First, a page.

Rome Antique

It was raining again. I was late, again!


I knew Diana wouldn’t mind because being late was exactly what she would expect from me. We had been flatmates for almost three years, so she knew me well.


When I came to the restaurant her boyfriend was still there. I tried my best not to look annoyed. He didn’t try at all. At first I thought he was mad because I came to steal his girlfriend for the evening and he had to go, but listening to them say their goodbyes I understood it had nothing to do with me.


I looked around as if I haven’t been in that place before and smiled to the grey-haired Italian waiter.


“Well, he looked quite angry. What happened?” I asked when he finally left.


Diana laughed awkwardly and took her vino.


“He’s mad. I didn’t tell him I was coming.”


What an asshole.


“Oh, you didn’t?” I asked.


“Yeah… Wanted it to be a surprize.”


“I see. Didn’t go well?”


Had she ruined some other plans by coming without notice? Long-distance relationships are not for everyone. It had been only a couple of months since Diana moved to another city, and he had not been very supportive about the whole idea from the very beginning. He probably couldn’t stand the fact she chose to go to university over him.


Maybe he’d already been hooking up with somebody else. I wouldn’t be surprized. There was something deceitful about him. I never liked Diana’s boyfriends, and especially not him.


“He would have tried to get some days off if he knew I was coming. Now, it’s too late to ask.”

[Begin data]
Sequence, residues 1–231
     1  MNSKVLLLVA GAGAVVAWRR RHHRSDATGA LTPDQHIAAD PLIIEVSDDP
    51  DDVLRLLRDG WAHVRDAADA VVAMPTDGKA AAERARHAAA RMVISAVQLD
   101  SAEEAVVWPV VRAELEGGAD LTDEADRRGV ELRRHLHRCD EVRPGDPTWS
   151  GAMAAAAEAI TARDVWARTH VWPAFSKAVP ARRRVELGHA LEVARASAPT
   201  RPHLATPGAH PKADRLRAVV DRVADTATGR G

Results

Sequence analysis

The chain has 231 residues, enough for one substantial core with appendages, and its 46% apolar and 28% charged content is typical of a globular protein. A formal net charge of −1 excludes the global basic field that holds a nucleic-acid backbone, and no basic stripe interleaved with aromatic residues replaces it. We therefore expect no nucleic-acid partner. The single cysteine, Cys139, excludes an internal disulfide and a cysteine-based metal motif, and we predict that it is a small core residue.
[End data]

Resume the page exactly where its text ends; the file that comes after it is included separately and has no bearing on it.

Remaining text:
Well, sounds legit. I thought. Maybe not a cheater.


“Oh, that’s a pity!”


“I should have thought about it, but you know me: I never think,” she said.


“You will next time.”


I saw the waiter approaching our table and asked Diana what she was having, so that I could copy her order, as I always do.


Buona sera, signore! First time in Rome Antique?”


“No, no, we are just friends!” Diana replied hurriedly and extremely loudly.


She was one of those people who would yell at foreigners in order to be better understood.


At first the waiter was taken aback by that response, then he started laughing and reminded us the name of the restaurant.


He was not the only one having fun. This cracked us both up. It took us about ten minutes to calm down.


“So tell me about your new teacher,” she said still blushing. “Have you talked since then?”


“Yeah, we did. But I’m not sure he’s interested.”


And I’m not sure I am interested. I thought.


As a devoted friend, Diana was desperately trying to convince me to pursue a romantic relationship. And I was desperately trying to convince her that I am doomed; because I fall only for people who are not interested in me or already taken.


Which was actually true. She herself was proof of that. But, of course, she had no clue. And it was better this way.


“You should invite your sexy teacher to Rome Antique sometime, you know,” suggested Diana when we were leaving.


“Maybe I will.”


By Victoria